It’s no secret: Death Company has changed. DC, founded by a group of old-school MMO gamers, quickly rose to fame in the local eSports scene, eventually establishing itself firmly as one of the oldest surviving clans in Sri Lanka and one of the top contenders for all titles year in and year out.
Recently, following a complete change in management, DC reinvented itself as Xiphos eSports (Xiphos from the Greek word for sword). Daelin, Anoren, Munky and Hades stepped down, tobe succeeded by a new set of leaders with a redefined vision. We caught up with Shanil Wickramasinghe, aka Daelin, to cast some light on this generational makeover.
1) How did Death Company [DC] come to be?
Death Company was a clan that was first conceptualised by Lohita (aka Anoren) and I, during one of those late-after-school walks home. We visualised a clan that was more than the mere “I lead, you follow” clans that were prevalent at the time. We wanted to be a uniquely Sri Lankan clan, that had its own personality. When we entered university, we were both part of another clan, founded around fantasy MMOs – the Mithril Knights (MK).
We stayed a few years in the clan, where I rose to a high council position as a Divisional Leader, and Lohita became a behind-the-scenes diplomat. At some point during our stay at the MK, we felt that we wanted to head in a different direction, and also that what we wanted to accomplish with DC would clash with what we have at the MK, so we announced our resignation from MK and formally left within the following week. In a few months, after inviting Teague, Radeepan and Naveed in on the idea, Death Company was founded, along with Teague (aka Munky) and Radeepan (aka Blade), who was then succeeded by Naveed (aka Hades) after the former left to create and manage his own clan).
2) What were DC’s initial goals? Did you achieve them?
DC’s initial goals were simple: fun and family. We emphasized on people to have fun more than anything else, and we encouraged a sense of camaraderie among our members. Whatever came afterwards were just added onto two these two original goals. The way DCers enjoyed their game (competitive or otherwise) and the way they bonded with each other (ingame and out), just proves how well it works. We put competitive play second and although we encouraged winning, it was cool if you couldn’t. Aside from fun and family, we also set out to be Sri Lanka’s first clan to be registered with GLK, as well as the first clan to be properly organised and managed. We accomplished the former, along with KTHX, and the latter, well, we’re still known for our management structure to this day.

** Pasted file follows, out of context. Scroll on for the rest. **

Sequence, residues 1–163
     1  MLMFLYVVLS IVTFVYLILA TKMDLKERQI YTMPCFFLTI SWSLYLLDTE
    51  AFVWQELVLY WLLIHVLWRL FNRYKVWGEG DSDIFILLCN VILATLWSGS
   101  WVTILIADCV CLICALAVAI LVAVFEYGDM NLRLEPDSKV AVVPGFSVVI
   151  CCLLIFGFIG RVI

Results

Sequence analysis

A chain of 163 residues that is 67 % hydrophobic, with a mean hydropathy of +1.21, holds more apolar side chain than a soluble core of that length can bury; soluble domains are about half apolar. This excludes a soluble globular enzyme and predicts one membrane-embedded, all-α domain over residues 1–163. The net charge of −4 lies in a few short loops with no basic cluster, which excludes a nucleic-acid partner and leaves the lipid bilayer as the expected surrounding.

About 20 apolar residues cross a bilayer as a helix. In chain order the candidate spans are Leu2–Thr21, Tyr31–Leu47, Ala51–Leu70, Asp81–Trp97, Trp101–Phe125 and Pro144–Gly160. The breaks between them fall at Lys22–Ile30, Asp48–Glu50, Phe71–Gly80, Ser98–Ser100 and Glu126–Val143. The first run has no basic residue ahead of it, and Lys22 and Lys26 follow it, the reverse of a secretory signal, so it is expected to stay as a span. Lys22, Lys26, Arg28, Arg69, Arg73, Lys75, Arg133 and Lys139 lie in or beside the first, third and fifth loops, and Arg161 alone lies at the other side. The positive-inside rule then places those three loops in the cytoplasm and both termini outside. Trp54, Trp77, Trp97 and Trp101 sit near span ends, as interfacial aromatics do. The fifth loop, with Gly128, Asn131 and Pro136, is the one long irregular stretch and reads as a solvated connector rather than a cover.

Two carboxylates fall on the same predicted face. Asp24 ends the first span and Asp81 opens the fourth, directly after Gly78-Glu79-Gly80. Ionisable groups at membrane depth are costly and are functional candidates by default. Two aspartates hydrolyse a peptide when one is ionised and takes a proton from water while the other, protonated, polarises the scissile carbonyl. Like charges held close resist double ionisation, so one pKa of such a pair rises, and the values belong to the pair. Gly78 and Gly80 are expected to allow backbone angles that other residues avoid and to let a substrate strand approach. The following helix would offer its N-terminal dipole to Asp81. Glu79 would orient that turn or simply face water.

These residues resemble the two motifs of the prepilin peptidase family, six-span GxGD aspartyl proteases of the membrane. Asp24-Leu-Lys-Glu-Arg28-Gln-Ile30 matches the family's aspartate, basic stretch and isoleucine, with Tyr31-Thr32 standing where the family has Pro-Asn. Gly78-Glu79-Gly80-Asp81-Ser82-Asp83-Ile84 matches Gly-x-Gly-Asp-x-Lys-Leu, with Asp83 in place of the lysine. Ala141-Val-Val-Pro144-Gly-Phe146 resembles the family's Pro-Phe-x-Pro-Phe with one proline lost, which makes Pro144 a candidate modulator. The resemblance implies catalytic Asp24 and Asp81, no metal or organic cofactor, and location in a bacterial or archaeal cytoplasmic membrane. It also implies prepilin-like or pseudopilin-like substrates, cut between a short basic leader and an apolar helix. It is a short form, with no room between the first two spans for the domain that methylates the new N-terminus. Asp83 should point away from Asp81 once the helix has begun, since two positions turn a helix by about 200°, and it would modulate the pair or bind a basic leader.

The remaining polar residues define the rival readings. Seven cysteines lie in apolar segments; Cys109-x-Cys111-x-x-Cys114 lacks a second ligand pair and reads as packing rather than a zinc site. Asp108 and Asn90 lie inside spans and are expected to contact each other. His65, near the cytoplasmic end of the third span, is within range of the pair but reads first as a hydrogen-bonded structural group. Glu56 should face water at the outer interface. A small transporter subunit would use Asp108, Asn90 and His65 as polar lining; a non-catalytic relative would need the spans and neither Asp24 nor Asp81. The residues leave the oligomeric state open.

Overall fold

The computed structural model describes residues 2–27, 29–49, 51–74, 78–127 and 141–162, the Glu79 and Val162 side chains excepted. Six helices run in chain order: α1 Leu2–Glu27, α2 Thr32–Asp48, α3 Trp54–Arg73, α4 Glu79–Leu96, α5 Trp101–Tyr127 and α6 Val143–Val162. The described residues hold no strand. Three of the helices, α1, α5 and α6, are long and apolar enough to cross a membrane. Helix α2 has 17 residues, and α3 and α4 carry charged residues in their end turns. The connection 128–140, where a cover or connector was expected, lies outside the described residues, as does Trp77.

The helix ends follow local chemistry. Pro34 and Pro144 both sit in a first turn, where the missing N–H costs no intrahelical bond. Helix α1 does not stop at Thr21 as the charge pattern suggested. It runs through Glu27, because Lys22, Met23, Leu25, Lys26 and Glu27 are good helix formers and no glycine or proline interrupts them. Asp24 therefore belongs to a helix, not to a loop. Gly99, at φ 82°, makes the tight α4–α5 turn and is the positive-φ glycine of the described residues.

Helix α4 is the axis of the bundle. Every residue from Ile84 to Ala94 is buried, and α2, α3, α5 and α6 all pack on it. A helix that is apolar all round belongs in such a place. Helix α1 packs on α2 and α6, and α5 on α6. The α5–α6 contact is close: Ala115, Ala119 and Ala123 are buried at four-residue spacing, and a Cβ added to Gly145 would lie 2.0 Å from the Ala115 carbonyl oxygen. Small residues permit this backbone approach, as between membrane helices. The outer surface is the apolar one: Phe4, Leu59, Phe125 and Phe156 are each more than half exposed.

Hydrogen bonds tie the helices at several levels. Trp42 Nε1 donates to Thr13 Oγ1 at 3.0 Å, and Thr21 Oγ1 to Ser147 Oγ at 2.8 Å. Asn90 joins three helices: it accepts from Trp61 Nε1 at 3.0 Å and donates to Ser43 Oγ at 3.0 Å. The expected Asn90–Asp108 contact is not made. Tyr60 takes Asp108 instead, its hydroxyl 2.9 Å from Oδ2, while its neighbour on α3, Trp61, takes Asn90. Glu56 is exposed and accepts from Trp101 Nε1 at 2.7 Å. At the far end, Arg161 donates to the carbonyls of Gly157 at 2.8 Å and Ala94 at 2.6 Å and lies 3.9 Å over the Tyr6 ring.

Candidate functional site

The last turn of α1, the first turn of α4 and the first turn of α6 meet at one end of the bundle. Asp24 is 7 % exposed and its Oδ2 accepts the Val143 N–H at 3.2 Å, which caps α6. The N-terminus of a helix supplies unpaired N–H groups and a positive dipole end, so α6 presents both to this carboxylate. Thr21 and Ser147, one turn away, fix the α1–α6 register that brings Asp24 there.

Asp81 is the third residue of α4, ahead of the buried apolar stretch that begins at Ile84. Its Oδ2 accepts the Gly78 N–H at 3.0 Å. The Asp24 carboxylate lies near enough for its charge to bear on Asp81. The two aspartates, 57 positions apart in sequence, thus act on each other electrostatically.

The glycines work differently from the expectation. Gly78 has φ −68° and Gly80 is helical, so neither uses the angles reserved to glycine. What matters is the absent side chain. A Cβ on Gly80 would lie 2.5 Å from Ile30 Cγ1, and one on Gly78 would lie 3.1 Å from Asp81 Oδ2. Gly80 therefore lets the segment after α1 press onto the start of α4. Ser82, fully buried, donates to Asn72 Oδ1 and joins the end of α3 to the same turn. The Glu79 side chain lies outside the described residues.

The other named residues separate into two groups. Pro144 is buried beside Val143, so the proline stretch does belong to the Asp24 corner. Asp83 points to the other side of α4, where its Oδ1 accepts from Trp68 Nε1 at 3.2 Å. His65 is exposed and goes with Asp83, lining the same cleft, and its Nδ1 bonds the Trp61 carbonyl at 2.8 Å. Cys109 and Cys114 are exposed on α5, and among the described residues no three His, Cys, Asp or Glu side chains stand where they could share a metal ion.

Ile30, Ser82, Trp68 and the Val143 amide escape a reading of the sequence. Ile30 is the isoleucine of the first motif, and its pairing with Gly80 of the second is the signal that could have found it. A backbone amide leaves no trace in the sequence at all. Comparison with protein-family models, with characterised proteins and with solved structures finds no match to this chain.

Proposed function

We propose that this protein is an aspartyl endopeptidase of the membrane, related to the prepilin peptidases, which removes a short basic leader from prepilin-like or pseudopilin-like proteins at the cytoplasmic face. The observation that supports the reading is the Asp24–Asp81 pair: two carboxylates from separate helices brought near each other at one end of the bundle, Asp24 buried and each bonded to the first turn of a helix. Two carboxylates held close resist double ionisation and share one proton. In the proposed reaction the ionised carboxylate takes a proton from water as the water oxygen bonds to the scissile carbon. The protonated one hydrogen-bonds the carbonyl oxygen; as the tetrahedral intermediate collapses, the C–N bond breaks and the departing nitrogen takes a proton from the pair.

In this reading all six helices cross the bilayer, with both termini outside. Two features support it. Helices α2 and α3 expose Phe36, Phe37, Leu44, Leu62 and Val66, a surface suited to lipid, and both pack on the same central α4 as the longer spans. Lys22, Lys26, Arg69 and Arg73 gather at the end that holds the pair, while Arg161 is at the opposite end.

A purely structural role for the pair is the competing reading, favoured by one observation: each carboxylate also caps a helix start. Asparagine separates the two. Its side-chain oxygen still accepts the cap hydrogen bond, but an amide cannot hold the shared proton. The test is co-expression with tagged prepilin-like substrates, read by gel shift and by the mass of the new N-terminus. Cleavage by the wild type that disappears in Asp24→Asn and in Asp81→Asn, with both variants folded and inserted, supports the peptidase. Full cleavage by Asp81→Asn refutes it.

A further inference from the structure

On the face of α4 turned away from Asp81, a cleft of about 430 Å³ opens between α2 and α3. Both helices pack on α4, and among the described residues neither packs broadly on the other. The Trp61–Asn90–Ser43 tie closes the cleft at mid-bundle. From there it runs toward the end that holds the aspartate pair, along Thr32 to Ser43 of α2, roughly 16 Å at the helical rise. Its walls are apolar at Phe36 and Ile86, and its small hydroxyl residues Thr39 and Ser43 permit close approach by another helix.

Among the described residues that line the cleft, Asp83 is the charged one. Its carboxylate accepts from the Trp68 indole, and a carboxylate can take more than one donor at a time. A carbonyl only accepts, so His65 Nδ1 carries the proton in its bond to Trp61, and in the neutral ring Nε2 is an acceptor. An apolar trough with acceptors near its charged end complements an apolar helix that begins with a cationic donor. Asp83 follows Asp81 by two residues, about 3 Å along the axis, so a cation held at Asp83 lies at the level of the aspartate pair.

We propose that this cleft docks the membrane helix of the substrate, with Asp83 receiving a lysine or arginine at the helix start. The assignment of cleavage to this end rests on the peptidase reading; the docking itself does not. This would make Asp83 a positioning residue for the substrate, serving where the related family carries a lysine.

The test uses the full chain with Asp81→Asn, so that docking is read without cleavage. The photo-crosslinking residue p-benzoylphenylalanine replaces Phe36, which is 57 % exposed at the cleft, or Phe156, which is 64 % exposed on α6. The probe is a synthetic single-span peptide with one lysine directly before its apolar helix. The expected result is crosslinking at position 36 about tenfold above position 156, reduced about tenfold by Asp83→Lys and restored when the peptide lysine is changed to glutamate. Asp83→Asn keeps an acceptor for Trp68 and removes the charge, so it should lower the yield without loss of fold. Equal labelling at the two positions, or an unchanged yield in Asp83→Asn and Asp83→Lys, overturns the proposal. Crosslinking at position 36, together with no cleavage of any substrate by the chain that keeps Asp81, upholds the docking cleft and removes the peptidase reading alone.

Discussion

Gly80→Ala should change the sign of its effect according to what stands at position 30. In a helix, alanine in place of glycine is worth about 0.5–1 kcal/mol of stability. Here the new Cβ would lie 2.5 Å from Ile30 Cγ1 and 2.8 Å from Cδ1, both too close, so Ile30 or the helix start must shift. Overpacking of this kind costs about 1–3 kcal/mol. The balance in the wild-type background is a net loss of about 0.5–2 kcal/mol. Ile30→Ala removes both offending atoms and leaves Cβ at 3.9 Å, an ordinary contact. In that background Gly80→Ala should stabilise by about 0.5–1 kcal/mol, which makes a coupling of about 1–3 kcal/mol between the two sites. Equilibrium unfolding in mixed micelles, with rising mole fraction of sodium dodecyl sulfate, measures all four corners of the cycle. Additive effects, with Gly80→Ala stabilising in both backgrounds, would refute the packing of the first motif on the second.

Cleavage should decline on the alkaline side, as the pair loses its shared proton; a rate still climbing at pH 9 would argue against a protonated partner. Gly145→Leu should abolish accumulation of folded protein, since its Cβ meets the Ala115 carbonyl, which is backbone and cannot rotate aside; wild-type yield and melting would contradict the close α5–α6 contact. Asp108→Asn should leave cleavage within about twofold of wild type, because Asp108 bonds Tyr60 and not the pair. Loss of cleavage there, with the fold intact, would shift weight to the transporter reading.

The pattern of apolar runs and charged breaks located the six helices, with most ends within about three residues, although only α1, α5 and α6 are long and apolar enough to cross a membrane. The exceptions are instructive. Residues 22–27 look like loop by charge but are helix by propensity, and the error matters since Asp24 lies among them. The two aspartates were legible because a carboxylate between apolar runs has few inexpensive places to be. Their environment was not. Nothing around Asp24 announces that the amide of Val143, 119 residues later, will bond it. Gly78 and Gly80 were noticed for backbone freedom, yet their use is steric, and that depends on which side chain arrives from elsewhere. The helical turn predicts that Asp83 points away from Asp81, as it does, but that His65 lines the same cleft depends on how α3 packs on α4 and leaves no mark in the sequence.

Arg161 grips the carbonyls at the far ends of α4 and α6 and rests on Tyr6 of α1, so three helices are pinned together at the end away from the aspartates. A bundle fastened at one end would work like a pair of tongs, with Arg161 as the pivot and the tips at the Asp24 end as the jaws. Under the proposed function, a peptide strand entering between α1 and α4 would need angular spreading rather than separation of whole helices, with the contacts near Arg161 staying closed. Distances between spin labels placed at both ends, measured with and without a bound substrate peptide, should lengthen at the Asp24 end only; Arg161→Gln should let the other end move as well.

3) What was DC’s management structure – and how did that come to pass?
We started DC with a table of 4 leaders, with a mandate to agree on matters rather than just vote. With 4 divisions, we had an idea to base each division on a card suit, and thus the entire clan’s structure became based on a pack of cards.
In order of their appearance on the logo: clubs, spades, diamonds, hearts. Clubs would manage and oversee the skills and skill-related aspect of video gaming, hunting for talent outside the clan as well as nurturing the ‘home’ talent. Spades would be responsible for the administration and leadership of the clan as a whole, as well any legal issues should they arise. Diamonds would be in charge of DC’s events and their management, as well as clan finances. Hearts would be in charge of DC’s public relations, inter-clan diplomacy and internal conflict resolution.
4) What was DC’s greatest moment, in your opinion?
Our first top 3 ranking on Gamer.lk….and also the time when Death Company ruled an entire popular Lineage 2 server. We were the ‘master’ clan with about 50 members, holding the most popular town ingame – against many other clans with members numbering in the 100s. 25 of us laid siege to that castle, in a battle that lasted over 3 hours, against a defending force of 80.